Los Angeles Times

Sunday, April 26, 1998

Bilingual Education Controversy

Were there really "benefits in English immersion" as reported April 18?
     We are told only that "almost a quarter" of the limited English proficient children in Orange improved their oral fluency by "at least one level" after five months.
     What happened to the other three-quarters? What does one level mean? On most measures of oral fluency, there are five levels, and level 4 is considered good enough to function in English in a mainstream class.
     If this kind of measure was used, it means that these children made very little progress, and would be nowhere near ready for the mainstream after one year, the limit imposed by Proposition 227.
Professor of Education

     As the English department chair at Orangeview Junior High School in Anaheim, I am extremely concerned about the disastrous implications of Proposition 227, the "English only" initiative.
     While all the attention is on how to teach immigrant children English, no one is talking about what will happen to our mainstream academic classes and "regular" students if this initiative takes effect.
     Placing limited English proficient children into regular classes after only one year of sheltered English support might sound like a good idea, but what about our mainstream kids?
     What will happen to the quality of their education when one-third to one-half of their peers are not fluent in English? Rather than leave the LEP students behind, most teachers, who by their nature are generally altruistic and caring, will alter their curriculum and slow down the rate of instruction.
     With mainstream teachers already facing daunting challenges of large classes, integration of emotionally and physically challenged students, influences of gangs and drugs, and low parental support, dealing with a large influx of limited English-speaking students will only exacerbate the problem.
     It will result in further "dumbing down" of the core curriculum for mainstream American children.
     Proposition 227 is yet another attempt at a rigid, statewide mandate that does not address the needs of mainstream and LEP children caught in the cross-fire between liberals and conservatives.

     Re "A Bilingual Bill at Last," editorial, April 22: The bilingual debate is the same as the phonics debate, all or nothing. Real teachers know that the middle ground is the only thing that works for the vast majority of students.
     Fountain Valley has been using specially designed academic instruction in English with native language aides for years. This method has been far more successful than any of the districts cited in your editorial. In fact, leaders from Fountain Valley (Project GLAD) have been awarded the academic excellence rating at the national level every year since 1991. They deserved the award!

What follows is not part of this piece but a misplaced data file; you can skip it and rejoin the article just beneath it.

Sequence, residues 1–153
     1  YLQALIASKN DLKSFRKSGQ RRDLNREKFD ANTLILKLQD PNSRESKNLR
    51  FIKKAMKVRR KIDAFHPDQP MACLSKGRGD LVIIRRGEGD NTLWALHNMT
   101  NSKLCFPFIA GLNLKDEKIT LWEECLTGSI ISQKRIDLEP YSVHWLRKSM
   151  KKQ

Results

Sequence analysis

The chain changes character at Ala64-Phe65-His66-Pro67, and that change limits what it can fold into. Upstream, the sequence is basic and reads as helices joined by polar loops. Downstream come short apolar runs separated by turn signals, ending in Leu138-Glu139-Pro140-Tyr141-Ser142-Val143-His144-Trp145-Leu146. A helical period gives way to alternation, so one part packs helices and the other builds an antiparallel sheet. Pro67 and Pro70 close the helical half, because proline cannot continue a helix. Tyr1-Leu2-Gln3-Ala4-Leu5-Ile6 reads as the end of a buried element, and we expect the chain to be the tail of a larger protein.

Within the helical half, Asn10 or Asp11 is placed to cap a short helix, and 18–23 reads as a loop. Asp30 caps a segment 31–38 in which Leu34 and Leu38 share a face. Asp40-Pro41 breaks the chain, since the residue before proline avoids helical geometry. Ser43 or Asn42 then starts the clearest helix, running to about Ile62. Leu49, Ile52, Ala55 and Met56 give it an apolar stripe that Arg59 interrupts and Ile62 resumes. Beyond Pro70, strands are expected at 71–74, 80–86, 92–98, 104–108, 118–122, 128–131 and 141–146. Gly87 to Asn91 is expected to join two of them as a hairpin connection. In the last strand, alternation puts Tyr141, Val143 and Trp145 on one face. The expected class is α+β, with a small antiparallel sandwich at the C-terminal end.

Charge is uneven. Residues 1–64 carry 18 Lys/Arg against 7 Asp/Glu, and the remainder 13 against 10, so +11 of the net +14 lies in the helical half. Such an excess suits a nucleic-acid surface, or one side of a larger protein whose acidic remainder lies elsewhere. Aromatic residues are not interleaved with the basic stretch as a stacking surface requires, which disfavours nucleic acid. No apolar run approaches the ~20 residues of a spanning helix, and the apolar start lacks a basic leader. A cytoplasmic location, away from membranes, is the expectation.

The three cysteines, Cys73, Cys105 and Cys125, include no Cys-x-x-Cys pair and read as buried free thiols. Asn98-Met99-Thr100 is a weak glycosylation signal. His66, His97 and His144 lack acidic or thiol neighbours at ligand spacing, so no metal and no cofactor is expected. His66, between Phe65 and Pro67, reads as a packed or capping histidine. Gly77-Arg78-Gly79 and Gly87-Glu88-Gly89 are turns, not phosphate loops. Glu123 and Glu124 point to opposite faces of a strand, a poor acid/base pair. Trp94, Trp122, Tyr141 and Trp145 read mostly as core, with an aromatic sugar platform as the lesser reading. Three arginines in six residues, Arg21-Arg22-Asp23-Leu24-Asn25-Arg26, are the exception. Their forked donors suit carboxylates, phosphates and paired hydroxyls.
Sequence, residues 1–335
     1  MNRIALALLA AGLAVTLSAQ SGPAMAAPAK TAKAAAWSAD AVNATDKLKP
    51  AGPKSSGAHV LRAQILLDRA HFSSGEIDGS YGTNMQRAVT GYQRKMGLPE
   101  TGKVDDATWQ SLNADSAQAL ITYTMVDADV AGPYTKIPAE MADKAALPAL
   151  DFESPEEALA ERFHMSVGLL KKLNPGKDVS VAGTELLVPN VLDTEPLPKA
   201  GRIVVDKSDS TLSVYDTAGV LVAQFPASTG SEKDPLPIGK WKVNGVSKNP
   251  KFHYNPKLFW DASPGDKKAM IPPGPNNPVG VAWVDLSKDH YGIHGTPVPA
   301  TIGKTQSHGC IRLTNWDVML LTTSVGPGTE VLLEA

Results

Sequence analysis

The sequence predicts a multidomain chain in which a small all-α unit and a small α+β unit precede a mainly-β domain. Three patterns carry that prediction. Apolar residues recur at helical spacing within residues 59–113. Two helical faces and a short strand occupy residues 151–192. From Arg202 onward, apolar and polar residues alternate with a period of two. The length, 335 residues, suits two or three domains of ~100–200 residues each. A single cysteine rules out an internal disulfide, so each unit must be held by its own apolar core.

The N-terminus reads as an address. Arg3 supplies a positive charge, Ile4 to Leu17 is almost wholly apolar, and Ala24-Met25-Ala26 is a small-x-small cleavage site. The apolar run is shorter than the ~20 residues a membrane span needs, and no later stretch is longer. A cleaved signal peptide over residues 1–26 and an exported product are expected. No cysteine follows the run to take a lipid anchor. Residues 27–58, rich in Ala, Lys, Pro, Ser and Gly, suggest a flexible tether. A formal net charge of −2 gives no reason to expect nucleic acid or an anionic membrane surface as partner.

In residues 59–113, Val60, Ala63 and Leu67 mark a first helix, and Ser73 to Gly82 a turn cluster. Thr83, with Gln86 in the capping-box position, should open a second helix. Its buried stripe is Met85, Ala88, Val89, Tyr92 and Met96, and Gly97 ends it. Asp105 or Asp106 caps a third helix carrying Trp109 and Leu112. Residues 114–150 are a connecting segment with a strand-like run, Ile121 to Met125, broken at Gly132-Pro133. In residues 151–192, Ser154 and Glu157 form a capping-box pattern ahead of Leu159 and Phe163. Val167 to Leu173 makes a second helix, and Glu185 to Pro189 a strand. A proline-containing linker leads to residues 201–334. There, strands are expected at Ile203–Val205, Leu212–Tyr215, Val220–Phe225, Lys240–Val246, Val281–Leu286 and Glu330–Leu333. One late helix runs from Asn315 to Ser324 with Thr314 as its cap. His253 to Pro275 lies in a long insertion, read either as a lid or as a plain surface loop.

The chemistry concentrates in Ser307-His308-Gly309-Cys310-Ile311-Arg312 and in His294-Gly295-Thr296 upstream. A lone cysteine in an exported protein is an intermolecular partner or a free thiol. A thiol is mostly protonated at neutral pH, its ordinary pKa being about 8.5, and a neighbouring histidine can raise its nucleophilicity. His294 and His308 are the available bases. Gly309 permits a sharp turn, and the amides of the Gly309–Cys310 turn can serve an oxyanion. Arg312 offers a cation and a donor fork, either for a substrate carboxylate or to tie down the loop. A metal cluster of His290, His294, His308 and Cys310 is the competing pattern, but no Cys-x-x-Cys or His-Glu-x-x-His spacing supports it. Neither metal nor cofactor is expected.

LARRY SEVERSON, Fountain Valley

     Victoria Lee-Jerrems and Ellen Wu (Opinion, April 19) spelled out very clearly why we must vote against Prop. 227. Being bilingual has tremendous advantages in today's global economy. For that reason I chose to place my two sons in bilingual programs. They will not be part of another generation of "tongue-tied" Americans.
     Could it be that Ron Unz and his supporters fear that Latino Americans and Asian Pacific American students will have a linguistic and economic advantage over those students who choose not to learn another language?

     In "Supporters of Bilingual Education Go on the Offensive" (April 17), Gloria Matta Tuchman, a candidate for state superintendent of public instruction, was quoted as saying, "The people will decide, not activist groups or people who are trying to promote their own political agenda."
     Among the strongest supporters of the goals of bilingual education are neither "activists" nor people with a "political agenda." Rather they are research scholars and language educators who know that the preponderance of psycholinguistic and sociolinguistic research related to the education of linguistic minority students in our schools validates and supports the principles of bilingual education.
     If Tuchman is aware of this literature and chooses to ignore it, it is she who is playing the political game. If she is unaware of the research, then she certainly should not be elected to a position that calls for informed decisions.
RUSSELL N. CAMPBELL, Professor Emeritus, Applied Linguistics, UCLA